Boise State professor and international DNA expert hopes Knox acquittal will stand
Photo: Video by IdahoOnYourSide.com
In October 2011 Seattle native Amanda Knox walked out of an Italian courtroom a free woman.
The convictions of Knox and then boyfriend Rafaelle Sollecito for the murder of Knox's British roommate, Meredith Kercher, in 2007 were overturned on appeal.
Knox's defense team called on Boise State genetics professor and DNA expert, Greg Hampikian to assist its case.
During Knox's appellate trial in Perugia, Hampikian testified prosecutors had no solid DNA evidence to link Knox and Sollecito to Kercher's murder stating the DNA the prosecution's case hinged on was contaminated.
"The DNA was discredited not just by us at Boise State, but by two independent Italian experts that was the judge's choice," Hampikian said. "The prosecutors don't understand the science and never did. It's really hard to figure out why they would beat this dead horse."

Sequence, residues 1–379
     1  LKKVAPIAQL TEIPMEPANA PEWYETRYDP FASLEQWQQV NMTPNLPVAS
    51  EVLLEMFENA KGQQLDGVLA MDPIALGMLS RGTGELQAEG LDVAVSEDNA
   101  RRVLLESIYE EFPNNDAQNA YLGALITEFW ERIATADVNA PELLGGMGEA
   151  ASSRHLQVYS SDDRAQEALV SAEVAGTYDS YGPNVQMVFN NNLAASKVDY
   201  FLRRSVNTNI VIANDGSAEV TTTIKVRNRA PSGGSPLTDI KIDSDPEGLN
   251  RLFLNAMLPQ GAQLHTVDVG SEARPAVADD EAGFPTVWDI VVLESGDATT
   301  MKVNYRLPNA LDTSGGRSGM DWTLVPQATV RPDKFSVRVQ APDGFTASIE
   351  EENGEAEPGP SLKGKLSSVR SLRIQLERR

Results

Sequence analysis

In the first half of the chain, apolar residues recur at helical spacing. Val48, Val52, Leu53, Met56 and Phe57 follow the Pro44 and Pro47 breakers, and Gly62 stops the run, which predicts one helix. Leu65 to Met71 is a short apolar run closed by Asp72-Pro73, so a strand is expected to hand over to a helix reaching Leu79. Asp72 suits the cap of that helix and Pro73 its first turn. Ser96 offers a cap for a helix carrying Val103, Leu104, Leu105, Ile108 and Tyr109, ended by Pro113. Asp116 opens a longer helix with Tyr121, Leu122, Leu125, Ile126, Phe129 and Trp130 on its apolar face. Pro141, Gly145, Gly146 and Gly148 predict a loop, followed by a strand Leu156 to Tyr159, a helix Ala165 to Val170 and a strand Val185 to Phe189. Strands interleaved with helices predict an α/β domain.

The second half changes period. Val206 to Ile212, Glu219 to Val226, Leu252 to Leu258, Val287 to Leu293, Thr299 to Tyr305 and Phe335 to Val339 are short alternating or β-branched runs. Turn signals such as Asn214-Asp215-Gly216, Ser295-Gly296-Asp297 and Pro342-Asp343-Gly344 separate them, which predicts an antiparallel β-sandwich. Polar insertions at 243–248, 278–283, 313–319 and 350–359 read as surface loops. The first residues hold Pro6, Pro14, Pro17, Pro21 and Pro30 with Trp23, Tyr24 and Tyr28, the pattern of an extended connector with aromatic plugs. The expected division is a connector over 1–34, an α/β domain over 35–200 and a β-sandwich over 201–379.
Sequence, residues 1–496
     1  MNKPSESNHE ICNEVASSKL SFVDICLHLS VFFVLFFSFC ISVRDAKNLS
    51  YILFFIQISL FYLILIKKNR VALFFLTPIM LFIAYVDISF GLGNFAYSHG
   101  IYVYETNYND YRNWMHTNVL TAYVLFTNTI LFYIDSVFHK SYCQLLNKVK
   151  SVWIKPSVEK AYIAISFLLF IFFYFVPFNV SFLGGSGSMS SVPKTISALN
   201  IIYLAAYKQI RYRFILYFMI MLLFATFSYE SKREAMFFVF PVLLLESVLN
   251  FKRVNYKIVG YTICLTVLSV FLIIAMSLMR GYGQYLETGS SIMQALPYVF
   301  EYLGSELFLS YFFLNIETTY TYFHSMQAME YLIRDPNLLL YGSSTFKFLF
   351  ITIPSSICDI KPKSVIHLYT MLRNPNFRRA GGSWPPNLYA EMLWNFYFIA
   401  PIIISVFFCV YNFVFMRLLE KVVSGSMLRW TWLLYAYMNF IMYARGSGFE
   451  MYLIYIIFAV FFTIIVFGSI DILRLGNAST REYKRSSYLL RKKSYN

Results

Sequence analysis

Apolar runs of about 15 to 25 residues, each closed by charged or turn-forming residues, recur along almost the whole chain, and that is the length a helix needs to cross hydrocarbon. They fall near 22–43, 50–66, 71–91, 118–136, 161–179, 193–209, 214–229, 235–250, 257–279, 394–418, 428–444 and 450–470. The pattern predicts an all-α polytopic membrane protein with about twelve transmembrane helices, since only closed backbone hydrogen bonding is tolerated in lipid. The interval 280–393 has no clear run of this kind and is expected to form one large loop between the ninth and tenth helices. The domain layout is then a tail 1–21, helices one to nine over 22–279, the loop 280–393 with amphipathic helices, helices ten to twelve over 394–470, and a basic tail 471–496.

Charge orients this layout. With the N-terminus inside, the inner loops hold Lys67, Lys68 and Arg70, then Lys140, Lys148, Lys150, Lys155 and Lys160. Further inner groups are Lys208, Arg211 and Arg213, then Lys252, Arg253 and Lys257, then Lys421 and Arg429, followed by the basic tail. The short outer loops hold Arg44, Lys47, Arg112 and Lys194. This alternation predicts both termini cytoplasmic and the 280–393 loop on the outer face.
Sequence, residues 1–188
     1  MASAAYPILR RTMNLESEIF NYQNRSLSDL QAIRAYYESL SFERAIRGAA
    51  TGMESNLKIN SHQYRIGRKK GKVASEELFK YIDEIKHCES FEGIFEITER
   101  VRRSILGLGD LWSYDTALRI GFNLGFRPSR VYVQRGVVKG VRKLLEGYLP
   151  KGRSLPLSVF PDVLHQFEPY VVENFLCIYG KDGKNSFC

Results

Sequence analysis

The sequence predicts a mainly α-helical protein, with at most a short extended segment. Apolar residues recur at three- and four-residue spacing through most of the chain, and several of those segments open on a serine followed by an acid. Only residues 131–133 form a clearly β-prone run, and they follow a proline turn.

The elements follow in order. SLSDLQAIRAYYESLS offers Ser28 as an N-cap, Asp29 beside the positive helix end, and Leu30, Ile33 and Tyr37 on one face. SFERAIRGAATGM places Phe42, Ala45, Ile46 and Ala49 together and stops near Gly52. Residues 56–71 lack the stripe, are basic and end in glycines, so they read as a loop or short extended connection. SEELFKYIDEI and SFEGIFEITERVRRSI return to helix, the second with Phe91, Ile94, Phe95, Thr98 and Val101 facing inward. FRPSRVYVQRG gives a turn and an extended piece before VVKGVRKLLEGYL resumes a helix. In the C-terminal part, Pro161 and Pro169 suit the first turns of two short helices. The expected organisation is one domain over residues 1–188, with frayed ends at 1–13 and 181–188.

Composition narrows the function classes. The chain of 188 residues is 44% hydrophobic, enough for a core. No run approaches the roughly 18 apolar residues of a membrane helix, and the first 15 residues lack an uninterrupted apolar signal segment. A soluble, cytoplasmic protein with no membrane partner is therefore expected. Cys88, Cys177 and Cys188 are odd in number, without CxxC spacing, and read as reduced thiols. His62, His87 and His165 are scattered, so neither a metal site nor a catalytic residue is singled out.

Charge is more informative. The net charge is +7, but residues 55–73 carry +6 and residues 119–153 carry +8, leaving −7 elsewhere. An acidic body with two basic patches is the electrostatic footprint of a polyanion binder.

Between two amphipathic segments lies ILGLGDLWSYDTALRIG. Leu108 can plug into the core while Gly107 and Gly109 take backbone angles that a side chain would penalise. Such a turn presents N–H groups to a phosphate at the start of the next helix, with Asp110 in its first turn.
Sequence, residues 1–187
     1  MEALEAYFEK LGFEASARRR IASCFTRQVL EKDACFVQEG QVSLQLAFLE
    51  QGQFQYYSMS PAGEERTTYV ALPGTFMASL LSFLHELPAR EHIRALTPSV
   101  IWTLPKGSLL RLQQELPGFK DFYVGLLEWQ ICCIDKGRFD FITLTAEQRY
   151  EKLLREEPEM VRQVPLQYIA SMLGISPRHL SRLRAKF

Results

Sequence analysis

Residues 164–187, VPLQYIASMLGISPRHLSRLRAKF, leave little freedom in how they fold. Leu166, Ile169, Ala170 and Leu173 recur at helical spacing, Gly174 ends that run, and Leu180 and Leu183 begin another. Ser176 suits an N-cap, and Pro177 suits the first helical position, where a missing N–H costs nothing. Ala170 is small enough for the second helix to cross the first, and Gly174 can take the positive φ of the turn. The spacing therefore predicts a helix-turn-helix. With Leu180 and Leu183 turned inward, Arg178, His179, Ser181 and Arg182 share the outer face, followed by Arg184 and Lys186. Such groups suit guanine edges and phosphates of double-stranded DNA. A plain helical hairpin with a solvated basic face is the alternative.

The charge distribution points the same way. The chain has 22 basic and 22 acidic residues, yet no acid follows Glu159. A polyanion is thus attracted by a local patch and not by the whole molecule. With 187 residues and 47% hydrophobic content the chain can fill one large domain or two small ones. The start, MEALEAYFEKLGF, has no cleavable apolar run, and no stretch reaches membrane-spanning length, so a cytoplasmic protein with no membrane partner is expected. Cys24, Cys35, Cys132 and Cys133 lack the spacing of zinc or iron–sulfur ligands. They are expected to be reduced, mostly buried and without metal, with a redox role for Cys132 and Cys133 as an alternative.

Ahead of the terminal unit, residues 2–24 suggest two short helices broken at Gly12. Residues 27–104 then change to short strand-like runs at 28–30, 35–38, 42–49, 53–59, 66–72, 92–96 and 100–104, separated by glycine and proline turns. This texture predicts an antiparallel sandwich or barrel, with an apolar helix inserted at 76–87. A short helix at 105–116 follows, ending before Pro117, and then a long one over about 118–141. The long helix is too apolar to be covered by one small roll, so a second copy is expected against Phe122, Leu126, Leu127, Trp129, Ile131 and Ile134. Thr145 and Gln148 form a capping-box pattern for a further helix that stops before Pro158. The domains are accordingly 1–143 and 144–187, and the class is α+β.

Monday prosecutiors in Perugia spent hours demanding knox's acquittal be tossed out.
Knox is now back home in Seattle currently attending the University of Washington.
On Tuesday, a judge will decide whether to grant prosecutors a new trial. If he does, Italy could request Knox's extraditon. But, the United States does not have to go along with the request.
In his lab on the BSU campus Dr. Hampikian hopes things don't get that far.
"Here's a young student's life that's been derailed," Hampikian said. "So, let's just finish it up and let her move on, that would be nice."
The judge is expected to rule Tuesday at 3 a.m. Boise time.
Hampikian says if needed, he will gladly testify again on Knox's behalf. The scientist is confident both Knox and Sollecito have science on their side.